Q: Can I Install a Water Softener Myself?
A: You can do this if you are good with DIY projects, have a basic understanding of the plumbing that you are about to handle and don’t want to spare cash for a plumber.
You need to male sure that you have all the tools before you start because you won’t really have time to stop in the middle. The process can involve making modifications to your main water supply which means cutting and realigning pipes. Do this yourself only if you are sure.
Q: Is Soft Water Bad for Water Heaters?
A: Water heaters have anodes that can be eroded sooner when they are exposed to soft water which contains sodium. That’s not good for your heater.
Q: What Is Better to Drink Soft or Hard Water?
A: As you now know, hard water contains minerals like magnesium and calcium in levels that are not good for you. But it doesn’t make it dangerous or even unhealthy to drink.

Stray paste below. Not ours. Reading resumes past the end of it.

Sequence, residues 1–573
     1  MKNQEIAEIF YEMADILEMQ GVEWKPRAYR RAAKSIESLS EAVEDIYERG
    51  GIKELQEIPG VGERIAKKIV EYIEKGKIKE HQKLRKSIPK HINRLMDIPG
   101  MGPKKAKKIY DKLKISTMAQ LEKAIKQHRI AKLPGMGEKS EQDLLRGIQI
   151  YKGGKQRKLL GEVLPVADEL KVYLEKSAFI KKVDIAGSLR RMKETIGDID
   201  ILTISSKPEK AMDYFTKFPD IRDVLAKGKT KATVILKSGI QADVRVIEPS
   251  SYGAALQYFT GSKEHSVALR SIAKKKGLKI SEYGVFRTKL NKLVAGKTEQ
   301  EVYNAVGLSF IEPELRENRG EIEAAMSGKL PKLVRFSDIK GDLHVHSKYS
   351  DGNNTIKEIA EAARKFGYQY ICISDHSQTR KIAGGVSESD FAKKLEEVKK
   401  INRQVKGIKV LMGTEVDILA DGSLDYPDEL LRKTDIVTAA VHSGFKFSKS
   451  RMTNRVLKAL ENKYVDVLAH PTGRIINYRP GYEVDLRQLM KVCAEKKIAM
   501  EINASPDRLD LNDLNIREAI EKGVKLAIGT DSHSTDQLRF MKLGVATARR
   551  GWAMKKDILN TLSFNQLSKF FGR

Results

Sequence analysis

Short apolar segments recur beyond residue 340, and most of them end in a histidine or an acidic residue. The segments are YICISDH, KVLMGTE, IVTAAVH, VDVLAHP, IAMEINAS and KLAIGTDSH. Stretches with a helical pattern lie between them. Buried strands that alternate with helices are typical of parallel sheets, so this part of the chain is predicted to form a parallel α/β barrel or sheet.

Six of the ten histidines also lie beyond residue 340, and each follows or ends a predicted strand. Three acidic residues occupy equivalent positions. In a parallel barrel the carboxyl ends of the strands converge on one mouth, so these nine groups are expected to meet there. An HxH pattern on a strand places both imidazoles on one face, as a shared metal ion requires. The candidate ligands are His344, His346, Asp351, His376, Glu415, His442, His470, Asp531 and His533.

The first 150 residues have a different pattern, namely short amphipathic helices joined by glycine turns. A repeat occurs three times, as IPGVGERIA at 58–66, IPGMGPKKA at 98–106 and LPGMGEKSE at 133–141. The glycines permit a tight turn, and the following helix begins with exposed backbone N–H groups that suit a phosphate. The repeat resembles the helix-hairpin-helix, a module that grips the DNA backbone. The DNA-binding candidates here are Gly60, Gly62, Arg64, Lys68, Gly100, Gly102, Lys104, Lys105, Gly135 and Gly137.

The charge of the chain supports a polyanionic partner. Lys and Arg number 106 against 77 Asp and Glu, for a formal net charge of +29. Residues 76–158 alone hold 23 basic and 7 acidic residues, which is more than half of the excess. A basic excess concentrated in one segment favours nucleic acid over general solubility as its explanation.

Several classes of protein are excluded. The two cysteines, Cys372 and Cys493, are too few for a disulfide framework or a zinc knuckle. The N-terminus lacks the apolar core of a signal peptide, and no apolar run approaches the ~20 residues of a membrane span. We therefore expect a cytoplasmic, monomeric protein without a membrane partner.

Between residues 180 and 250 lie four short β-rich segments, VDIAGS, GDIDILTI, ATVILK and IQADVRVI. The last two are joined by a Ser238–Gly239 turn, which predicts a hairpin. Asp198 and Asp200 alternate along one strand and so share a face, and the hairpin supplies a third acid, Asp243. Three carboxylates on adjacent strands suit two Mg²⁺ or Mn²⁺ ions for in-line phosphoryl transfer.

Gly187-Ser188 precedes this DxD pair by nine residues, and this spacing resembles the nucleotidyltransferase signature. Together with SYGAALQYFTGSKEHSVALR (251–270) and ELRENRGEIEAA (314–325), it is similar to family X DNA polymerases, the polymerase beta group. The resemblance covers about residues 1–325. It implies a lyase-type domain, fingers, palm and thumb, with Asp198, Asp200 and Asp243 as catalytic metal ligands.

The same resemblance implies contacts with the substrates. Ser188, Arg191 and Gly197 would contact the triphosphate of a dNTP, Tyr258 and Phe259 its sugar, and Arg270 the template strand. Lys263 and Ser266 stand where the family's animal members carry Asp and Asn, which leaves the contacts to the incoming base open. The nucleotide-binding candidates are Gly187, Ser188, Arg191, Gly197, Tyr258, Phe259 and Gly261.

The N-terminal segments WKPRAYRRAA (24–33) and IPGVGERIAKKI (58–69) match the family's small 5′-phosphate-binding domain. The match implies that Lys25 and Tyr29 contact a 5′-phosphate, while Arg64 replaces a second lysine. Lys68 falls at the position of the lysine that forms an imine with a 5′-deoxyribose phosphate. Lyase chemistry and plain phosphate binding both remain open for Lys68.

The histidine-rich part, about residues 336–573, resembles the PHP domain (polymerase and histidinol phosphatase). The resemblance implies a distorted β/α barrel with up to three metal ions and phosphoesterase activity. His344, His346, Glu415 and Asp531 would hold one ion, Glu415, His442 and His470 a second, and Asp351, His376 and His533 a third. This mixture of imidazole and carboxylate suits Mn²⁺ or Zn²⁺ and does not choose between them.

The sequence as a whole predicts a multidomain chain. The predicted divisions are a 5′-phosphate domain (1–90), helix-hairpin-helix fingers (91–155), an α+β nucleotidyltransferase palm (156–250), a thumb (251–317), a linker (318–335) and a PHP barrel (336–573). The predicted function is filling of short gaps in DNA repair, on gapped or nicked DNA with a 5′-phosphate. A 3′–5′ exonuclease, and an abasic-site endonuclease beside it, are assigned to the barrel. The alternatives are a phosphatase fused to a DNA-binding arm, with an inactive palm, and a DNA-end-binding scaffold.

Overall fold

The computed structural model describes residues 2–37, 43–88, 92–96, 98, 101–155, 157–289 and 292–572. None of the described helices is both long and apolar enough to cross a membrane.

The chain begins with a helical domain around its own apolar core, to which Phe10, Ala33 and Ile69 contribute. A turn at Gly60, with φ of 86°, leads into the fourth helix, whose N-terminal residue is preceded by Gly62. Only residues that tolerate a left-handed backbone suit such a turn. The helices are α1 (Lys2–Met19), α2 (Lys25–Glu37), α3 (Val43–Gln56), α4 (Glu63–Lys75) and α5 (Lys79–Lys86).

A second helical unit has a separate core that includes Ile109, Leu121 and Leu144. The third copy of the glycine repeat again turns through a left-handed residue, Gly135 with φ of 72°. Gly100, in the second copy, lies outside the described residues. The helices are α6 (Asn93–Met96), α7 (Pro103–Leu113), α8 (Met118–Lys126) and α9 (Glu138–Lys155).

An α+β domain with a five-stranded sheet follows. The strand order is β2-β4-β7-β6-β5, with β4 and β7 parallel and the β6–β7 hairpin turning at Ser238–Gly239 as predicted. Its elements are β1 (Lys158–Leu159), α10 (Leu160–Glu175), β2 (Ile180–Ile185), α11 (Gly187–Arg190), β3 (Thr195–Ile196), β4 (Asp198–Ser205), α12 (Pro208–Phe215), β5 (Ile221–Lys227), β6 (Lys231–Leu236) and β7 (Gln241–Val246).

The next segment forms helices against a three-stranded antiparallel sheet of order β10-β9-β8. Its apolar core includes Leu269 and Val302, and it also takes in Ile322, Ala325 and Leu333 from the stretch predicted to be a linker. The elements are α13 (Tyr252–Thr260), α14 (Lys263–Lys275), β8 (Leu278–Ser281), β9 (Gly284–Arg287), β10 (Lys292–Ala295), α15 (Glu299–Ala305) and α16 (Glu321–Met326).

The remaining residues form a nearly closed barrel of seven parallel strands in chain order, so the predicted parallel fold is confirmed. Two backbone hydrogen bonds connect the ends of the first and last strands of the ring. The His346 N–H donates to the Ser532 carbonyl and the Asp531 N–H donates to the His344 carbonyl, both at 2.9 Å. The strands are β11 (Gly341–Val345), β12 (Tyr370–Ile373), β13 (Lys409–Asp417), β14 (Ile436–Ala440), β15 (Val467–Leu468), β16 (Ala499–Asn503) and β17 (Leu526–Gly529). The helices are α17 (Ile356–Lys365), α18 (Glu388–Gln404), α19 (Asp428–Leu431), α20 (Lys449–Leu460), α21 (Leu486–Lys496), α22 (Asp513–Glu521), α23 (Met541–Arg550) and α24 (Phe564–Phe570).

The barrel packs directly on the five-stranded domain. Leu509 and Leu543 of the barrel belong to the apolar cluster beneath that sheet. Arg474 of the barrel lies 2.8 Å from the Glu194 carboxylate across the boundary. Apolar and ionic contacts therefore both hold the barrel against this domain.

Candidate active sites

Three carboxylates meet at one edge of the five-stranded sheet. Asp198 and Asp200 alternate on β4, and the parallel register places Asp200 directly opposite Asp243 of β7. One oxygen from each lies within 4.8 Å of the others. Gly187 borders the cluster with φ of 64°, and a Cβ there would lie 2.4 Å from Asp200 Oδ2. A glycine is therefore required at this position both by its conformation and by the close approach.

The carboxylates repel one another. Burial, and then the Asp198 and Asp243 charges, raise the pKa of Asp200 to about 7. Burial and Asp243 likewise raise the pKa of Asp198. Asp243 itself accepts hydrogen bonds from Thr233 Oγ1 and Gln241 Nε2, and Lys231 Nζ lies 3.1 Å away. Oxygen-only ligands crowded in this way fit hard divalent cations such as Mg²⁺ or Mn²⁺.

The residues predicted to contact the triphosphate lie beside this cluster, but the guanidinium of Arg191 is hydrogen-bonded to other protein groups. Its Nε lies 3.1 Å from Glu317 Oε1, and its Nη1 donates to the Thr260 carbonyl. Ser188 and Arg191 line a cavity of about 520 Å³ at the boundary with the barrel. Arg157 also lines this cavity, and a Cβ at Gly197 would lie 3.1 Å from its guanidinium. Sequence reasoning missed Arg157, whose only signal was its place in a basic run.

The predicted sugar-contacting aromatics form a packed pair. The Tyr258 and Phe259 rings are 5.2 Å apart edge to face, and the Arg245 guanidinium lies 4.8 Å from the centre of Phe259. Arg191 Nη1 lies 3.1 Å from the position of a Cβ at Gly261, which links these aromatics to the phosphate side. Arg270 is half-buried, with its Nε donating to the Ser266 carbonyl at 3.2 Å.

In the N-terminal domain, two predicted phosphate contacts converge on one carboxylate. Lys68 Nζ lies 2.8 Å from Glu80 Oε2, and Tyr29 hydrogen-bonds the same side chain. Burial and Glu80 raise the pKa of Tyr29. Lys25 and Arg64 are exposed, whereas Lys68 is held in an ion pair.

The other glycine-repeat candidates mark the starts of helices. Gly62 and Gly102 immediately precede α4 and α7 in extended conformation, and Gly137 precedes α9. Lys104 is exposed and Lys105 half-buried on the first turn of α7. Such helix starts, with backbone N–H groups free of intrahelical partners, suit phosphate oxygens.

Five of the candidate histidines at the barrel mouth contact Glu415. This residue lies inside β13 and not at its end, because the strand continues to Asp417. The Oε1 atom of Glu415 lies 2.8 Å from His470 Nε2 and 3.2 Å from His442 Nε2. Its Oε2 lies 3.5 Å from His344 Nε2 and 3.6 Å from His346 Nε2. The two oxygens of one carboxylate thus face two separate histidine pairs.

In fact, this is a myth and both hard and soft water is okay to drink. But it might be worth it to check the levels of these minerals to make sure you are not in any medical trouble.
Q: What Is the Life Expectancy of a Water Softener?
A: This mostly depends on how you use it. This includes factors like the quality of the softener, your maintenance track record and usage on a daily basis. But you can expect it to be working just fine for 10 to 15 years on an average.
Conclusion & Summary
Water softeners and conditioners both have an excellent role in keeping you safe in terms of the water you consume. Which one is best for you depends on the problem you are trying to solve. Sometimes, budget is also a concern.
The bottom line is, if you want to turn hard water into soft water, you want to get a water softener. And if you want to remove impurities, you want to get a water conditioner. You should not get both.